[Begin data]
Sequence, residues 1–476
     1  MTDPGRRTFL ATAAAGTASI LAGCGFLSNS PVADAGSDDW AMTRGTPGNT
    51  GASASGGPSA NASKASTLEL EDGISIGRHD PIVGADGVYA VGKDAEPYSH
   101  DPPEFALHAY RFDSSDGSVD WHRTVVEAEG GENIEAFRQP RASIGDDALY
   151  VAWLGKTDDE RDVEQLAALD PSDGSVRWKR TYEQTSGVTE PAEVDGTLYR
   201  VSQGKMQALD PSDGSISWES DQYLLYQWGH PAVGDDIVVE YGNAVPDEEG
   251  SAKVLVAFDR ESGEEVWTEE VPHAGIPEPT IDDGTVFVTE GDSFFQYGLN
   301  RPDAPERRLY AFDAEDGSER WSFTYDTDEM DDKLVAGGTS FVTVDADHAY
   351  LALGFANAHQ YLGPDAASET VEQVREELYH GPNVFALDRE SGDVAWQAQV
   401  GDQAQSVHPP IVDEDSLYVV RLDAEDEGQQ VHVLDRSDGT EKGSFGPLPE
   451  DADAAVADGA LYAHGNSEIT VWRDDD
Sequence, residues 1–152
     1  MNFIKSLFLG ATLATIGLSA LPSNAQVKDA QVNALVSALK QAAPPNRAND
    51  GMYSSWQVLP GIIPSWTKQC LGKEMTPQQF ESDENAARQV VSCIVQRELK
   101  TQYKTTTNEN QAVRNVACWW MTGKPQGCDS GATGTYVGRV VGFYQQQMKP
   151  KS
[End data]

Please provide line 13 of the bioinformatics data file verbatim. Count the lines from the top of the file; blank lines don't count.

     1  MNFIKSLFLG ATLATIGLSA LPSNAQVKDA QVNALVSALK QAAPPNRAND